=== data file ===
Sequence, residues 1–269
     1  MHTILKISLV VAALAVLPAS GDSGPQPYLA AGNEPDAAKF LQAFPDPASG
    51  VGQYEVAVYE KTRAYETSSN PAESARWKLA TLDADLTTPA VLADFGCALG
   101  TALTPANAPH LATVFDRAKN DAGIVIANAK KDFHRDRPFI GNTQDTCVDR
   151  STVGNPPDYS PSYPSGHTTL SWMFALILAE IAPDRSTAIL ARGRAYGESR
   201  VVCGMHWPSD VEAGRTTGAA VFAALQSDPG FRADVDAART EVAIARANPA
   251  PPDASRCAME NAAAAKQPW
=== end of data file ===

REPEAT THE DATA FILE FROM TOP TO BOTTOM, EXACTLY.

Sequence, residues 1–269
     1  MHTILKISLV VAALAVLPAS GDSGPQPYLA AGNEPDAAKF LQAFPDPASG
    51  VGQYEVAVYE KTRAYETSSN PAESARWKLA TLDADLTTPA VLADFGCALG
   101  TALTPANAPH LATVFDRAKN DAGIVIANAK KDFHRDRPFI GNTQDTCVDR
   151  STVGNPPDYS PSYPSGHTTL SWMFALILAE IAPDRSTAIL ARGRAYGESR
   201  VVCGMHWPSD VEAGRTTGAA VFAALQSDPG FRADVDAART EVAIARANPA
   251  PPDASRCAME NAAAAKQPW